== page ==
Laine: I knew Trevor from the Move. He was down in London. It ended up with just me, Trevor and Alan White. I got them into Ginger Baker's Air Force cause Ginger asked me to do something with him. Actually, we met down at Traffic's cottage one weekend and were all playing away. And then Ginger - after Cream, it wasn't happening - he just got in touch and said, “Listen, do you wanna do something?” So, I did. I got those two guys in, so that was the end of the Balls period. The problem with that was it was the same management as the Moody Blues. We never made any money even though we were getting hits all over the bloody place in Europe or whatever. We weren't really going anywhere yet, but I decided, “Well, I'm writing songs and if this isn't happening here, I'm gonna go off and do something else.”

Bhatia: And from there, the next stop was a call from Paul McCartney, who had admired "Go Now" and was putting together a new group: Wings. "Band on the Run" turns 50 this year. I know it was recorded in Nigeria, but you mentioned Ginger Baker a moment ago, tell me about his involvement.

Laine: Paul was signed to EMI. He picked somewhere on the map where they had a studio. And of course, we loved all that music. They weren't up-to-date exactly with the equipment, but we didn't need it. We got more out of just being there and being influenced by all that music, which was fantastic. Ginger being there was great for me, because I felt more at home because I had a friend in the same town. We did go over to Ginger's one day just as a courtesy. Ginger put some sounds [on the session], if you like. He… actually played a fire bucket full of gravel for a shaker sound.

Band on the Run.jpg
Denny Laine says there's no hidden meaning in the differences between the British (left) and American back covers of "Band on the Run."

Bhatia: Throughout the 1970s, you were the core of Wings with the McCartneys. And aside from Nigeria, you recorded in New Orleans, Scotland, the Virgin Islands, New York, London and Nashville. Was that exciting? Hectic?

Laine: A lot of artists do that. They go and are influenced. Bob Dylan's a good example [with] "Nashville Skyline." He went down there. He used those guys. If you love certain kinds of music, you go looking for it. You're like a fan. And when you go there, you work in Nashville, you've got some of the best players in the world. It spills over into your music and that's where we get our data to put into our own little memory banks.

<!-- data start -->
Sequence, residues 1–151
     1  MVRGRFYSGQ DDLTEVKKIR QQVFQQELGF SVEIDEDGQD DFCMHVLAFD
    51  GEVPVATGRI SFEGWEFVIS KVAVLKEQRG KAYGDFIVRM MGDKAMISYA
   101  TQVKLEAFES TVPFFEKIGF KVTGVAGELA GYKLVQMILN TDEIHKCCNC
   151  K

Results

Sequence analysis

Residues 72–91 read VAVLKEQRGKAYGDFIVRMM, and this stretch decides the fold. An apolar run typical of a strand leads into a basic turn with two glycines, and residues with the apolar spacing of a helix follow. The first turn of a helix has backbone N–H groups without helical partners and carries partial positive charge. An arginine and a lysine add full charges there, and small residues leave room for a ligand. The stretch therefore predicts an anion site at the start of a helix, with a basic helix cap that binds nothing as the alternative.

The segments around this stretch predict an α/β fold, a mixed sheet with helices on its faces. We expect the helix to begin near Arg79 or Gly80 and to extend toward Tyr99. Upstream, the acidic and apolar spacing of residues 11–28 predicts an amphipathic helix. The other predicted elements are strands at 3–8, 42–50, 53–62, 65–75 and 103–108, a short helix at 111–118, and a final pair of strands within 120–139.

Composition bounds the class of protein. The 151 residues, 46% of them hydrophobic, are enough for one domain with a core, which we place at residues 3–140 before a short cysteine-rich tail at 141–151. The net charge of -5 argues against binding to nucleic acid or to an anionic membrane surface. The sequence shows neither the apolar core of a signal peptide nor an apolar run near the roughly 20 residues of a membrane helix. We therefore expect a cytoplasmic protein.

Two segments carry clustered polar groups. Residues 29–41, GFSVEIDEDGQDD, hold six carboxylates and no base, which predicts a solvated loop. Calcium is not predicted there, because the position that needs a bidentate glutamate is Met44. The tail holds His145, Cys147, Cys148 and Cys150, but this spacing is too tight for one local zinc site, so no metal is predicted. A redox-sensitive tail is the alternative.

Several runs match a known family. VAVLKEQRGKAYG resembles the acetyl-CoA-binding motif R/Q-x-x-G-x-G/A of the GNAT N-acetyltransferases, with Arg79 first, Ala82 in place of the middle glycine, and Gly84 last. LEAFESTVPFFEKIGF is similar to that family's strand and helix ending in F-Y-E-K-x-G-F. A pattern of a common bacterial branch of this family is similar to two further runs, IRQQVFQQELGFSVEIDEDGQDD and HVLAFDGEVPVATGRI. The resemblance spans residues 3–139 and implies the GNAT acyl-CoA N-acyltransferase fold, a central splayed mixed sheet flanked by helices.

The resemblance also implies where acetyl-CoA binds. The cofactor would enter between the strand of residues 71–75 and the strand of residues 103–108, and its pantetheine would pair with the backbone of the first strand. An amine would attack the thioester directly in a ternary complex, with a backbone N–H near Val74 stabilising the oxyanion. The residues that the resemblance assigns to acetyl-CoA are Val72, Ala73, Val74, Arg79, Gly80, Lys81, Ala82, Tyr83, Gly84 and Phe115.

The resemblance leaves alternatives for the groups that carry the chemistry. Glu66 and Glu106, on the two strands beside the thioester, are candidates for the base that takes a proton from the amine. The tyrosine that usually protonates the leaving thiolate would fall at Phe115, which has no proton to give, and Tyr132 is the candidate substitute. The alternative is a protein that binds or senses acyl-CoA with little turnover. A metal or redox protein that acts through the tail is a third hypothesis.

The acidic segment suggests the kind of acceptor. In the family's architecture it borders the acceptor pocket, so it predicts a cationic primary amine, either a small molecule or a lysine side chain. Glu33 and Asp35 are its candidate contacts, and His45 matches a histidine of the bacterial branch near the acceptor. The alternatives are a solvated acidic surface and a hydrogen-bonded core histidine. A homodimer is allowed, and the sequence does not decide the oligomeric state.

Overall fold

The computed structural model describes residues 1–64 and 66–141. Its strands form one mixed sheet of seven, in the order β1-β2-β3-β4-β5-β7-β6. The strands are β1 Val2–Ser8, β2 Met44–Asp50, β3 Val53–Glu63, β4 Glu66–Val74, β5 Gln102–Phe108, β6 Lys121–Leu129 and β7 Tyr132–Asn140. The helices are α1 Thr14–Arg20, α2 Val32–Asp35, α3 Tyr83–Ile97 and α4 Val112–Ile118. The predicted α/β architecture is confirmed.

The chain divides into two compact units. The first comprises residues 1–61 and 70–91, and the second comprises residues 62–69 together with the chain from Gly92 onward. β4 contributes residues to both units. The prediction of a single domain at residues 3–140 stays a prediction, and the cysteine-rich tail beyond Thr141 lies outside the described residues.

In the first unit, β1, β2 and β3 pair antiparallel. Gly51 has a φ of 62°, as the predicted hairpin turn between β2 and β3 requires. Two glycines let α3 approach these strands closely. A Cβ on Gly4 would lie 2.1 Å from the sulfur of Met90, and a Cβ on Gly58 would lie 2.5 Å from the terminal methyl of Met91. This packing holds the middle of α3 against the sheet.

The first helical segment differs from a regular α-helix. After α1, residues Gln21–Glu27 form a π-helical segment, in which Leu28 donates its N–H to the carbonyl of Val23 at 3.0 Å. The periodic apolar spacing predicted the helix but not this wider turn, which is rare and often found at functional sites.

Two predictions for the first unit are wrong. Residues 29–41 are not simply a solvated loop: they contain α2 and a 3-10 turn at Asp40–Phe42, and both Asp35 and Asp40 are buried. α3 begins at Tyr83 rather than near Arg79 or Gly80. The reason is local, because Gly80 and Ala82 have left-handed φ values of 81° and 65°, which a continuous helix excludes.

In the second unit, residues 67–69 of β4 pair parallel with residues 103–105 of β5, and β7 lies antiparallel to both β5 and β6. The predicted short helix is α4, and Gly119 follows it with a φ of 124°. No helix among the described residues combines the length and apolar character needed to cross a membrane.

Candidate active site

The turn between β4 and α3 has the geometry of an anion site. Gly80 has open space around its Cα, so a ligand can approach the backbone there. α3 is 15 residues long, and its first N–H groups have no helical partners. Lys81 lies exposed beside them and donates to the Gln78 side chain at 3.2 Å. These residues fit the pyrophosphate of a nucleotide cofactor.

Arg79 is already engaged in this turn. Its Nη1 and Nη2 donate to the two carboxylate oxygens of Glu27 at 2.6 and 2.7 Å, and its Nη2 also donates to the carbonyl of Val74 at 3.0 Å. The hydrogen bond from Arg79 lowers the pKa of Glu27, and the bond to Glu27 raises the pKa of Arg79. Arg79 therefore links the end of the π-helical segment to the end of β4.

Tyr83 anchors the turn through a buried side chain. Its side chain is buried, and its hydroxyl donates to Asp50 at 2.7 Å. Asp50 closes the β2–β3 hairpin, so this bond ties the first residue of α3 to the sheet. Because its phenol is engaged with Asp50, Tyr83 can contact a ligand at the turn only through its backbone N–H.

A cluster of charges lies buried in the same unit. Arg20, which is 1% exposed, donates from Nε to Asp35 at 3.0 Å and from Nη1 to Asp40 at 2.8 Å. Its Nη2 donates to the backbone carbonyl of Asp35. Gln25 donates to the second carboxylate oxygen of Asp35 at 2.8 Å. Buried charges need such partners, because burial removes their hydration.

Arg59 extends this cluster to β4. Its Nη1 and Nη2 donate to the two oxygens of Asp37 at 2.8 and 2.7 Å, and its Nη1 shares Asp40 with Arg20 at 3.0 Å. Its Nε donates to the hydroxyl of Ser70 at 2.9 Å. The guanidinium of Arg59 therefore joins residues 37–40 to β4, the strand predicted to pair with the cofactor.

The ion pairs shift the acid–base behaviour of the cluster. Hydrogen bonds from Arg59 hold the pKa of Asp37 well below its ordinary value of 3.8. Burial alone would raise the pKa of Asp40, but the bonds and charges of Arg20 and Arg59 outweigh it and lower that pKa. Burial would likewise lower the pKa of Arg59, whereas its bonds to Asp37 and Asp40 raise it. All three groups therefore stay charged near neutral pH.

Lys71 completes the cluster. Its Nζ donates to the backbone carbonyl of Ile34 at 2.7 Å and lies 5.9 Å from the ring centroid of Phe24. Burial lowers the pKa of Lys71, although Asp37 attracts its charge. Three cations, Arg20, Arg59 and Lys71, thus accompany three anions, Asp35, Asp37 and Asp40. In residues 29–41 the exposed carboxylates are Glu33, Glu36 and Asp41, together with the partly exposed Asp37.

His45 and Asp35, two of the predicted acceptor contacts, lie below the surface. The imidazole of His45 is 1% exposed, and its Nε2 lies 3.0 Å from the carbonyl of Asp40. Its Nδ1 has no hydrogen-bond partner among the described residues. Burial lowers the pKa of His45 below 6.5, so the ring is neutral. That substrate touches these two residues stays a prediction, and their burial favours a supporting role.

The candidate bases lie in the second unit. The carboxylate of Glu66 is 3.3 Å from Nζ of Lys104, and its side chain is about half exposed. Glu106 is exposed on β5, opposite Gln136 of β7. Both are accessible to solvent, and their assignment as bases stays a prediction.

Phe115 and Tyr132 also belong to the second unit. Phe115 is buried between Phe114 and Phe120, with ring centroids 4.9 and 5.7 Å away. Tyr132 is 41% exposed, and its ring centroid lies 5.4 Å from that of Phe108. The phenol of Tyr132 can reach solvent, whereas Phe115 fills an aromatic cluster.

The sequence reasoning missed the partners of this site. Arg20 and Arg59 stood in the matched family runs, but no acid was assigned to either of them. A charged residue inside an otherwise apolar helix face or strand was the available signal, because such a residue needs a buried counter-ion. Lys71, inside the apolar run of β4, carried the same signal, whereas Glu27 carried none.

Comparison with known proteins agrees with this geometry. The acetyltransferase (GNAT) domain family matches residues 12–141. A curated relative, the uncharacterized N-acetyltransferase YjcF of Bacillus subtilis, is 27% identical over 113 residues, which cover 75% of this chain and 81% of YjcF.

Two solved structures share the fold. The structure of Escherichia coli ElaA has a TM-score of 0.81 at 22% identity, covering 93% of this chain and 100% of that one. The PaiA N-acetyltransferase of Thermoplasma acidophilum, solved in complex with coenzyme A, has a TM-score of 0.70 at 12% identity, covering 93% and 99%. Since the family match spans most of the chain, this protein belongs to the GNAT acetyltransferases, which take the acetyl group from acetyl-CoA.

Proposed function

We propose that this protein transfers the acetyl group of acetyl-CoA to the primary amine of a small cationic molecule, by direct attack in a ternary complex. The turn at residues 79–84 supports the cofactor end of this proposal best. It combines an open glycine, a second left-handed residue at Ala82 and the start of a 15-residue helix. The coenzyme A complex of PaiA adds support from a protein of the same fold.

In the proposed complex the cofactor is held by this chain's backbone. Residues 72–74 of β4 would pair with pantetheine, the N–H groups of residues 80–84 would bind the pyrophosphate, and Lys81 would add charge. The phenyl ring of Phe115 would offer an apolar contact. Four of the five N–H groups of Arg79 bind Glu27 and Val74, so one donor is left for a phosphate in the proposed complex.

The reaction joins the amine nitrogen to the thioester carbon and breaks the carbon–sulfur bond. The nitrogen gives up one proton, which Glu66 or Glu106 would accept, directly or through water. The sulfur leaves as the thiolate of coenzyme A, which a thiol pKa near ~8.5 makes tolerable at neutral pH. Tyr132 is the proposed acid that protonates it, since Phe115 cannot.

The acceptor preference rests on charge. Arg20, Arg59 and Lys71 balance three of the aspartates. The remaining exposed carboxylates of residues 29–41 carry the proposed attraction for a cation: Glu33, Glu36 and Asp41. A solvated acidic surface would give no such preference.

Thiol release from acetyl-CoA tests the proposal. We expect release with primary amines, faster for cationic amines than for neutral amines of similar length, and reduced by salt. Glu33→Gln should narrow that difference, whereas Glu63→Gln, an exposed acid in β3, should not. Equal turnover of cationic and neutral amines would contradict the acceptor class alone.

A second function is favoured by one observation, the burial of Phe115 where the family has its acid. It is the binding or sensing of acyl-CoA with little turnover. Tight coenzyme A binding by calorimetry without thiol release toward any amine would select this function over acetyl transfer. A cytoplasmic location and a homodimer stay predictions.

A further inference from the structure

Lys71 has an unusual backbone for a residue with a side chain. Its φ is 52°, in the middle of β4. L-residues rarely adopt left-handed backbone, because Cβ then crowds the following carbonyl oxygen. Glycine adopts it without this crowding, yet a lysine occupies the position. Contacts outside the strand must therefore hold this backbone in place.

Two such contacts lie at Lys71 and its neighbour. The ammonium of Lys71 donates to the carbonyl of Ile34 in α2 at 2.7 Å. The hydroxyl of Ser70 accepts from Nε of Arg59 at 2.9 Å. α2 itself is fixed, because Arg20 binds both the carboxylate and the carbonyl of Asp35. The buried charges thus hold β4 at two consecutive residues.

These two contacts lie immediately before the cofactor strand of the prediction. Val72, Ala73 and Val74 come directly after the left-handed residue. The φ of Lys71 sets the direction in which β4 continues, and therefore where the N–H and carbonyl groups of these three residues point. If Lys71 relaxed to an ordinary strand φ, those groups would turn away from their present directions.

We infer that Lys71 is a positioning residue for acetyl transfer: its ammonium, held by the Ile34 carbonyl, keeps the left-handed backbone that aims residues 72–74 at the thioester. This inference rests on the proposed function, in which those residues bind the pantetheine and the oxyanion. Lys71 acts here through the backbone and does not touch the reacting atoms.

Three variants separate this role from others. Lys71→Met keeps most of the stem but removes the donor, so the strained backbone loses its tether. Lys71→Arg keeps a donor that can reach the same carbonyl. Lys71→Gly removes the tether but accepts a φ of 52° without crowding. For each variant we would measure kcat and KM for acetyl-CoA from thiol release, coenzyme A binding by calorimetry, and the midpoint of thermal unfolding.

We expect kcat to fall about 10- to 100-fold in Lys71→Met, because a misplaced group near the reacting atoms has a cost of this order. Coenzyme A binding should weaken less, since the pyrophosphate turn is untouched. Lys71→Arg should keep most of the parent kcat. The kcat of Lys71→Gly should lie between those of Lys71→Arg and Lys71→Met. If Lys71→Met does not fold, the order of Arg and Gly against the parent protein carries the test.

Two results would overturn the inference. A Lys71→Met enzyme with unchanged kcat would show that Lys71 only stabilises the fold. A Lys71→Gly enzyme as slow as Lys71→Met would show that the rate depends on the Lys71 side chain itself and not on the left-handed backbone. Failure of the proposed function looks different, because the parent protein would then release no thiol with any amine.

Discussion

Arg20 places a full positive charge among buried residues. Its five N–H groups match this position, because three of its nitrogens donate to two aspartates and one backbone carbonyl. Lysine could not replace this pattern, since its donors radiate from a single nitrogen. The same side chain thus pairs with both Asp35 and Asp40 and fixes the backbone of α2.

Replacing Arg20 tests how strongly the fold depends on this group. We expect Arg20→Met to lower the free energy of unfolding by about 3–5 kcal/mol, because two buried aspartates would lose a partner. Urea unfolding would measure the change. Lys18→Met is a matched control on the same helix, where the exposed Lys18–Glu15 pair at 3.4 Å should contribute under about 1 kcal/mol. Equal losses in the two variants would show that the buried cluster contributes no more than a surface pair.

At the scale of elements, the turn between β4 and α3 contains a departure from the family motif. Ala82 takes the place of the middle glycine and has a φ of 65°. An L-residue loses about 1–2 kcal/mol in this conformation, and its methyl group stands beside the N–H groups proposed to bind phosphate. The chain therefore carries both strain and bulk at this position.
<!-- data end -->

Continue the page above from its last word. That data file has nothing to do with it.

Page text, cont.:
Bhatia: What about Buddy Holly? You made a whole tribute album to him at the height of Wings' fame in 1977, called "Holly Days." How did that come about?

Laine: Everybody loved Buddy Holly. He was the ultimate influence when it came to songwriting. Paul and I knew all the Buddy Holly songs. We could jam to any of those things. The Buddy Holly album came about because he bought... some of [Holly's] publishing. At the same time, he's promoting Buddy's music. We were gonna do it with all Nashville people, but the guy who was going [to] produce was busy at the time. Paul was up in Scotland and he put the backing tracks together and I went up, did a few extra things, and we used that instead of going to Nashville and doing it that way. That's the way that worked and it was a tribute to Buddy, that's all. He was the first singer-songwriter.

Bhatia: After Wings disbanded in 1981, you were still playing with Paul on his solo albums, "Tug of War" and "Pipes of Peace,” where I see you actually played synthesizer?

Laine: Yeah, I played a bit of everything. Even if you can't play it, you kind of learn something. You get sound out of something. We were having guests come along: Carl Perkins, Ringo Starr, Steve Gadd, Stanley Clarke. I mean, we had a lot of great people come onto those records. It was not a Wings record, it was just us being influenced by [people like] Stevie Wonder. I mean, one of the most enthusiastic guys in the world is Stevie Wonder. He's a fantastic musician, but he's just so open to anything new, and that's what really I like about him. People like that, they're not stuck in a group forever or in the past.

Bhatia: Going back to “Band on the Run,” on the back cover there's little passport photos of Paul, then Linda, then you. On the American album, they're reversed and you're the one closest to Paul. Did you ever notice that? Is there some hidden meaning there?

Laine: No way! I don't know. You experiment with the photographer, just like everything else. It's like the guy who did the "Band on the Run" front cover, he had the wrong film in his camera! It turned out that it was sepia-toned. The color was just, like, weird because it wouldn't have been that way with the right film. Then I think it was Paul or Linda [who] said, "We like the color." And he went, "Oh, thank you," [from] a mistake. A lot of things happen like that. You just make the most of it.

Kabir Bhatia is a senior reporter for Ideastream Public Media's arts & culture team.